Many people ask what its like here on a day to day basis. Truthfully, Its hard to put into words an “average” day here. I don’t really think there is an average day. Several times a week we have new children admitted into the center. This means there are very sick children who are either swollen or wasted away as a result of malnutrition, most of whom need an IV or feeding tube and are in critical care. There is always noise. As the children are being admitted by the nurse, they always scream in the arms of strangers. But strangely, its the ones who don’t scream that make my heart broken - often those are the children who are almost ready to give up fighting, they are too weak to even notice its not Mama or Papa holding them. Hearing the parents story is probably the hardest part of the intake for me - most that come to us haven’t eaten for days and most have had children pass away as a result of malnutrition. The effect of severe poverty is evident in their childs tiny body and red brittle hair. Often I want to cry for the children and their families but looking into their eyes and seeing hope as they have brought their child to a place where they will get well makes me realize that I shouldn’t be crying for them, My energy should be on fighting with them for their child. I should be hopeful with them. So while admissions are heartbreaking, they are full of promise.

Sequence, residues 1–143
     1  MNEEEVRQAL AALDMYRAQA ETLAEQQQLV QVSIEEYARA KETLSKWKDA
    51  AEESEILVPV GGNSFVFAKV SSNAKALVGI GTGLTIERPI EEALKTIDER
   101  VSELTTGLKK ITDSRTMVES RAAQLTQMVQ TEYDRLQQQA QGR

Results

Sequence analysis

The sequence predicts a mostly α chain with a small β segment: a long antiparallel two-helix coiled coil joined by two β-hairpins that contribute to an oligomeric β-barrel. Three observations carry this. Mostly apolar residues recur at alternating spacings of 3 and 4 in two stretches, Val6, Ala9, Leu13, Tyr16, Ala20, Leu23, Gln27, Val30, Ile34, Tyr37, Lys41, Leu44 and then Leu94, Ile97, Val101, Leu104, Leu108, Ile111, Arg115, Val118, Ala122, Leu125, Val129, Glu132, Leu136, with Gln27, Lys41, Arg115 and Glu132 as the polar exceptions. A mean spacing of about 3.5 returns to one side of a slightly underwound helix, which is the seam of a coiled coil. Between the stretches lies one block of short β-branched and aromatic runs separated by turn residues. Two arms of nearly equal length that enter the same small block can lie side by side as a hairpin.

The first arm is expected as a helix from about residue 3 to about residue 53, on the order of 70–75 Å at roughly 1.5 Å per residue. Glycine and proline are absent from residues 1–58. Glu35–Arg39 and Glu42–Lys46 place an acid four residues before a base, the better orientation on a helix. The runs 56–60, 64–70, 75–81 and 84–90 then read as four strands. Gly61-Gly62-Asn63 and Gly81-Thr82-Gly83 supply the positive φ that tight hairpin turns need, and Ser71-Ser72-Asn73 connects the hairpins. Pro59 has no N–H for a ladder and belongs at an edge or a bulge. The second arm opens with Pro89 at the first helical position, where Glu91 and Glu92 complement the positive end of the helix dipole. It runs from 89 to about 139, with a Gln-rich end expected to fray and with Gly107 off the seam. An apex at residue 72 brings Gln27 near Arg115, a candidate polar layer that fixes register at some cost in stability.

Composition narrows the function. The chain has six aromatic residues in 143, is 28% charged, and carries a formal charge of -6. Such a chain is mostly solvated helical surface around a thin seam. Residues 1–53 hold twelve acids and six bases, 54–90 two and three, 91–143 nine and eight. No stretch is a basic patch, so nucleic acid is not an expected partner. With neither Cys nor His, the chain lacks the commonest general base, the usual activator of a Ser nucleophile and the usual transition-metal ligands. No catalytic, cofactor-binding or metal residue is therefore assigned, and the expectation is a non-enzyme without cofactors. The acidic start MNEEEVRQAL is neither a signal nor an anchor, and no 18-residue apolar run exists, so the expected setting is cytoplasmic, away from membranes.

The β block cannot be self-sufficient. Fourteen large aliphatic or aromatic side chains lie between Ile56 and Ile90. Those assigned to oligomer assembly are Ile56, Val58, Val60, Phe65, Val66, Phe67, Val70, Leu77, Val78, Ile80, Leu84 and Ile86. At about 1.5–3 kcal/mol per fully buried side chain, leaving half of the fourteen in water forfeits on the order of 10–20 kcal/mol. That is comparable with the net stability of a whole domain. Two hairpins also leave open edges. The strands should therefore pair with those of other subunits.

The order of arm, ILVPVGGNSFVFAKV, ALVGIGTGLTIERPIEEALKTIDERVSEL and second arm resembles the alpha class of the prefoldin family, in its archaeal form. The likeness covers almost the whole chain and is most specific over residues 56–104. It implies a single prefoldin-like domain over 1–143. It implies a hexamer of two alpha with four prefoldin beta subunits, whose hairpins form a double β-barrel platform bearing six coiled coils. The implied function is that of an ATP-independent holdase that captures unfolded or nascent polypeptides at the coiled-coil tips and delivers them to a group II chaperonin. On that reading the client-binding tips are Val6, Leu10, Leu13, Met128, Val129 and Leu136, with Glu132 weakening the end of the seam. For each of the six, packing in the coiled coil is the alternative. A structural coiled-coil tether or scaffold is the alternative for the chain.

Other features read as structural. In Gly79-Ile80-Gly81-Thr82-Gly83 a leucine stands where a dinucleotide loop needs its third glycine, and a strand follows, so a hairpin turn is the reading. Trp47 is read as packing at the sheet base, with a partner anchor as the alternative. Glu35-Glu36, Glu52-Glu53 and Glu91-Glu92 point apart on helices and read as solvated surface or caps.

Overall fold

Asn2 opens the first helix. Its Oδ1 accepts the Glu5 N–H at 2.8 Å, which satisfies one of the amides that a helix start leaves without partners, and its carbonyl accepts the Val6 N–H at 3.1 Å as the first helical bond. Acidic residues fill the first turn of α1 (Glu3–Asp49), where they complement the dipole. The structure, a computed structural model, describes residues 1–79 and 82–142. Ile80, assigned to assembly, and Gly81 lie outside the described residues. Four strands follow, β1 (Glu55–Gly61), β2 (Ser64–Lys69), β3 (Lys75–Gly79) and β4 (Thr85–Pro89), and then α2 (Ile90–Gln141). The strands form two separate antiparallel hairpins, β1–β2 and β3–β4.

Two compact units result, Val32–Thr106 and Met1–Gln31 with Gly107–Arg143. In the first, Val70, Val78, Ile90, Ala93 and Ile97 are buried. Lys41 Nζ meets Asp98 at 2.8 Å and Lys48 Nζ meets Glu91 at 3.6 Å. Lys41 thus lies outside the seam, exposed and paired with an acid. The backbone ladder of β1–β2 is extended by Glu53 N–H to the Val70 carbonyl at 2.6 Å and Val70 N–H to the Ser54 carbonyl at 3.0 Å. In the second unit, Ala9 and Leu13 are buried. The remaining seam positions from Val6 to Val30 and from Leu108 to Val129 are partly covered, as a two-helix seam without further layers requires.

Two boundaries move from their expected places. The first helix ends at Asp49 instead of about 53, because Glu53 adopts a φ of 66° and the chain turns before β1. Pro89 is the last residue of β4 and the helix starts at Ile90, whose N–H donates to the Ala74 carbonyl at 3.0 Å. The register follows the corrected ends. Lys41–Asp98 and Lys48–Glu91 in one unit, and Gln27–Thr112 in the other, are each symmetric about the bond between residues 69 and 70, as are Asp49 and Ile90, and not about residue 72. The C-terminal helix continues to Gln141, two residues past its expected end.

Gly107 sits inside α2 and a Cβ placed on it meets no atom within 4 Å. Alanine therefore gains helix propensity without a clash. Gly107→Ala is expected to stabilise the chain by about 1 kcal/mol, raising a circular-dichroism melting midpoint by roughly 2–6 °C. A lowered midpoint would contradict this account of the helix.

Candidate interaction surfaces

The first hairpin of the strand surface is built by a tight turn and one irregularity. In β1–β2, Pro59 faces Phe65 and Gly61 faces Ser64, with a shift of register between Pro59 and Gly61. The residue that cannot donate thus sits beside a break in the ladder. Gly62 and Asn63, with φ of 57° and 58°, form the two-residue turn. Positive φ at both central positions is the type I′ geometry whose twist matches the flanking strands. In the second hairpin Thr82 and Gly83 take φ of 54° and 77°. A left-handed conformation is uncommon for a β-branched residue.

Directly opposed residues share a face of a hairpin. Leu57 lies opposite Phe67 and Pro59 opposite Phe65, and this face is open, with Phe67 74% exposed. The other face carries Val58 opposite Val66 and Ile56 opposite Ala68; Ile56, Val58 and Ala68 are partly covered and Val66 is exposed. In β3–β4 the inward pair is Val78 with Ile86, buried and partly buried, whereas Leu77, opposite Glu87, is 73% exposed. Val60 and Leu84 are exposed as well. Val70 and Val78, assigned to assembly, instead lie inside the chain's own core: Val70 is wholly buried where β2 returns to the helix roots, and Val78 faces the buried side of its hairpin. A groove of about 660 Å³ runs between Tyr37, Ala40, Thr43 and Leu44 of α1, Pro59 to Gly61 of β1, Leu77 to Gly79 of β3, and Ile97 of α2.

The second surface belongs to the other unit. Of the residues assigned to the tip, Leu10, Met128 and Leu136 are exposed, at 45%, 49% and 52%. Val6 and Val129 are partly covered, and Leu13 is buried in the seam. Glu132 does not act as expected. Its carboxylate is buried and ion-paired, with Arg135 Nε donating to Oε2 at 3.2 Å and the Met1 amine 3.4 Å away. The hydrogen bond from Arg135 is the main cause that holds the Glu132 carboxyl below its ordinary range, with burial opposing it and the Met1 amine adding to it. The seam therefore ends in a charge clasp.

Other days we do discharges. When a child is well and graduates the program they go home to their family. All the nannies and staff gather around the child and their family to sing and pray before they leave. Watching the smiling faces leave through the gate makes all the long days and nights filled with worry worth every second. 
And then some days are filled with sadness and grief - holding a baby as you think this is there last few hours on earth, watching as a baby is declared dead because in 2016 they starved to death, hearing the cries of a now child-less mother, arranging caskets and burial clothes. These days are the hardest and I’m not sure its something I will ever become used to. But its these days that makes me more determined to fight for children and their families who are suffering from malnutrition.